Friday, March 29, 2024

SSH server compromised by xz/liblzma 5.6.0 and 5.6.1

backdoor compromising SSH server introduced in xz/liblzma 5.6.0 and 5.6.1 was reported today to oss-security by Andres Freund. According to the analysis, when the sshd binary is initialized by the dynamic linker at startup, the initialization code in liblzma installs a hook to the dynamic linker that modifies subsequent dynamic library symbol tables (before they are made read-only) that replaces SSH RSA encryption functions with malicious code.

Image credit: Wikimedia Commons

The xz repository provides a widely used data compression command line program “xz” as well as a library “liblzma” that allows the compression algorithm to be used in other programs. SSH is a remote secure login server. Although SSH does not use liblzma directly, many distributions such as Debian and Redhat patches it to integrate with systemd notification, which uses liblzma.

The malicious code in liblzma was introduced as obfuscated binary test data in a git commit and patched into compiled binary using an obfuscated M4 macro as part of the build system. The malicious git commit was introduced by JiaT75, who has been contributing xz commits for about two years while taking advantage of the mental health issues of the original author of xz, who maintained it as an unpaid hobby project. Most of Jia's commits are non-technical fixes such as translation or documentation. Jia reportedly urged Redhat and Debian maintainers of the xz package to push the new version to production, which suggests that it is premeditated. The attack was only discovered because Andres Freund noticed that his SSH login got slower and decided to investigate.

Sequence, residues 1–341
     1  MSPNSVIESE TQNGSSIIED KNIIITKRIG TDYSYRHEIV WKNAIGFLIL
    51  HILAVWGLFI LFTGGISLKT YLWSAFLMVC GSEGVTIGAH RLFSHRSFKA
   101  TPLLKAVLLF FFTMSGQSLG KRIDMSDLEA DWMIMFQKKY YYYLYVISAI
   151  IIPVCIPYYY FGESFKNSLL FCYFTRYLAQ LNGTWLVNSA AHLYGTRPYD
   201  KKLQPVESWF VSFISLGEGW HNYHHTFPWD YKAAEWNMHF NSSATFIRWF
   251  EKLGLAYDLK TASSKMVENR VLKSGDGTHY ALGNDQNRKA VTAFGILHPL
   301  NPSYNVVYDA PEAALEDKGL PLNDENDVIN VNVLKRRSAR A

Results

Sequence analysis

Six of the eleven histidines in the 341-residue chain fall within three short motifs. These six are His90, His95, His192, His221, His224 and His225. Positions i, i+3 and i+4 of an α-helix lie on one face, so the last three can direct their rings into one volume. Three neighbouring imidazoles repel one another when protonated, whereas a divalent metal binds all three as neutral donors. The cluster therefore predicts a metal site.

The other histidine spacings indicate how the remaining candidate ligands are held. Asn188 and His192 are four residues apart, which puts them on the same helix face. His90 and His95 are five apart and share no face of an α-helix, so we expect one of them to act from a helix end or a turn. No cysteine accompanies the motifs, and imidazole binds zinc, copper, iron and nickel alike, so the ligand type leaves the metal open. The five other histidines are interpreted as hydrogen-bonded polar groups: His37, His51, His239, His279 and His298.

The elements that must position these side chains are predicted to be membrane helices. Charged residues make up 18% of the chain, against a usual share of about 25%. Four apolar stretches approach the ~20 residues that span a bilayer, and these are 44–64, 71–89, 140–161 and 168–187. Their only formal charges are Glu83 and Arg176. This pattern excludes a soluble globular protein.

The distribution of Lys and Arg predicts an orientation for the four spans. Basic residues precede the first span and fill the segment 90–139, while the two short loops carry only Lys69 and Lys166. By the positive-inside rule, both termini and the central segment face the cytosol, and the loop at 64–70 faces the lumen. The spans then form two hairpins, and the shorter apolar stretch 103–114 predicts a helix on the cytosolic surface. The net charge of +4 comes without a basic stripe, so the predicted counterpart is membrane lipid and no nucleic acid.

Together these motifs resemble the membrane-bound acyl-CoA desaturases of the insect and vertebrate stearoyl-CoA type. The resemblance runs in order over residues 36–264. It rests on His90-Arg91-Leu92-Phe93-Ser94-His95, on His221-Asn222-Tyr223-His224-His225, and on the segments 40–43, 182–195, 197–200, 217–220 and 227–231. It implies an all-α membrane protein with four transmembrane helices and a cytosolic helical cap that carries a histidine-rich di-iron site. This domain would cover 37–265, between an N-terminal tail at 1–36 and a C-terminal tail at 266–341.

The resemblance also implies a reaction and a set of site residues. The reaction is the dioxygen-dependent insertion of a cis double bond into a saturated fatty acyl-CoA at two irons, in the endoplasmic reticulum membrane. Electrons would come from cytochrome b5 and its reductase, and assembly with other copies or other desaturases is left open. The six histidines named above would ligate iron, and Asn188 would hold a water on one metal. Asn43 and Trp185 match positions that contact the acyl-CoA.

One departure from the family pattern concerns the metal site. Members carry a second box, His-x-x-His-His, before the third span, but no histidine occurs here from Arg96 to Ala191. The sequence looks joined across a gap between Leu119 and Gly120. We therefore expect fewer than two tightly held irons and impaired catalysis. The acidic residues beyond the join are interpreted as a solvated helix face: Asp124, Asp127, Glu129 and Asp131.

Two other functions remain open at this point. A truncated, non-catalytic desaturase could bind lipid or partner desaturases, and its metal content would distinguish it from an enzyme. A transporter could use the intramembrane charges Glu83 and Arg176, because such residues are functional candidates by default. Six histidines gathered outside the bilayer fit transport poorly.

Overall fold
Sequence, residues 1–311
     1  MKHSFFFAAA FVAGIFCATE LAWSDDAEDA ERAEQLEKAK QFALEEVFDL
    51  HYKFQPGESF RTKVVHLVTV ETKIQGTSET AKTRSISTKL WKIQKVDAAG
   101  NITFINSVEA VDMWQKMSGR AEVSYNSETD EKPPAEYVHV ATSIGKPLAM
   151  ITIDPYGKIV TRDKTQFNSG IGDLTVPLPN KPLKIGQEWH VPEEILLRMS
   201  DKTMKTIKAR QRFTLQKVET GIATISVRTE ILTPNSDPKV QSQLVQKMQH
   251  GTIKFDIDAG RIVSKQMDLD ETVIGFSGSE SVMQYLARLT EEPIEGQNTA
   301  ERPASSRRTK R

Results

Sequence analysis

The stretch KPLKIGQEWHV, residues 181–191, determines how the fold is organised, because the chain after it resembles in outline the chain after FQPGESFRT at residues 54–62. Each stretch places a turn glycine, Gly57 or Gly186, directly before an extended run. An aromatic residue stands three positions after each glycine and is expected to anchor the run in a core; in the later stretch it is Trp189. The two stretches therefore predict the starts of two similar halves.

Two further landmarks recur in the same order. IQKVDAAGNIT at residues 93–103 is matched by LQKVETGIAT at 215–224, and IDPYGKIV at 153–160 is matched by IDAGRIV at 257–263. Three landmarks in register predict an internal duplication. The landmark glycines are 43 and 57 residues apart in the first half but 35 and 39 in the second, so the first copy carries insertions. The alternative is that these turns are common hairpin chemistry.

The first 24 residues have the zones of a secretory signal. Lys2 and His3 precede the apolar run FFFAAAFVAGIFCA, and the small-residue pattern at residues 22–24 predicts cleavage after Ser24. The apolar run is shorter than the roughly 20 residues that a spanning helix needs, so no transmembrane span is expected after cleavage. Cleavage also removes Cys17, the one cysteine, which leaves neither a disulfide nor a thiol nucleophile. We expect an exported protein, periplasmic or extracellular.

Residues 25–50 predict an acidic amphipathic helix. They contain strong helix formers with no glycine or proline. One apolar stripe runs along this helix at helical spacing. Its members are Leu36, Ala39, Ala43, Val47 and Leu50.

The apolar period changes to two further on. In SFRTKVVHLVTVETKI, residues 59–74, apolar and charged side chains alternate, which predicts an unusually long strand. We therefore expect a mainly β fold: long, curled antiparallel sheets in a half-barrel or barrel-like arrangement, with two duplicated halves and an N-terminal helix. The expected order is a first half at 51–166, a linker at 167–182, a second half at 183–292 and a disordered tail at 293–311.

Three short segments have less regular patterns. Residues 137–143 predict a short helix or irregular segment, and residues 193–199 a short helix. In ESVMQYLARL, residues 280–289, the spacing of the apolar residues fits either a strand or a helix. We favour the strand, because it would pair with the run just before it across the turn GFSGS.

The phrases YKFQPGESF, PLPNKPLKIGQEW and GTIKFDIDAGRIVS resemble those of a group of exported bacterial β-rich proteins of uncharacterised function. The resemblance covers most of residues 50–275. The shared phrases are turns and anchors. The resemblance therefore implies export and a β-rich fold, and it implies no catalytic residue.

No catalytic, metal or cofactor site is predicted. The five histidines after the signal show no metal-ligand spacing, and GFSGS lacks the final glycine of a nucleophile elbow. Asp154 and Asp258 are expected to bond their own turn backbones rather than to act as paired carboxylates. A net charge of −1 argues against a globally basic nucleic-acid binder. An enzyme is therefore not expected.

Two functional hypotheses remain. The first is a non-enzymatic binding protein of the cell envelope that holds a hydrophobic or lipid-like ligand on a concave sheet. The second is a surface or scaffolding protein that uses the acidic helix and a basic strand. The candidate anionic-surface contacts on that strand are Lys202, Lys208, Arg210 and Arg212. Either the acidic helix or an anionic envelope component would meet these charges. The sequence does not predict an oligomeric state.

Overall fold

It is nearly impossible to manually audit supply chain attacks like this, but there is one way to mitigate this attack vector: all setuid binaries should be statically linked with the static-PIE linking option. Static linking eliminates the dynamic linking attack vector, while PIE enables address-space layout randomization (ASLR) to make it impossible for malicious actors to patch code in runtime. Allegedly, OpenBSD already compiles system binaries this way.

Some may have concerns about static linking, but they can read the refutation by Gavin D. Howard.

Advisory About Go

Static linking alone does not completely guard against runtime code patching, but we need address-space layout randomization (ASLR) for both code and data. That is because the data sections also contain function pointers that could alter the code path. Without ASLR for data, any function pointer in heap-allocated objects can be compromised by supply chain attack.

Go does not support heap data ASLR (golang/go#27583). This means that malicious code using the unsafe package could traverse the heap and override interface function pointers to change the behavior of existing code. This is despite the fact that Go language always compiles and statically links on the whole-program, and has a -buildmode=pie for code ASLR. Unfortunately, the Go cryptossh, tls, and net/http packages all make ample use of interfaces, and every one of these can be an attack vector.

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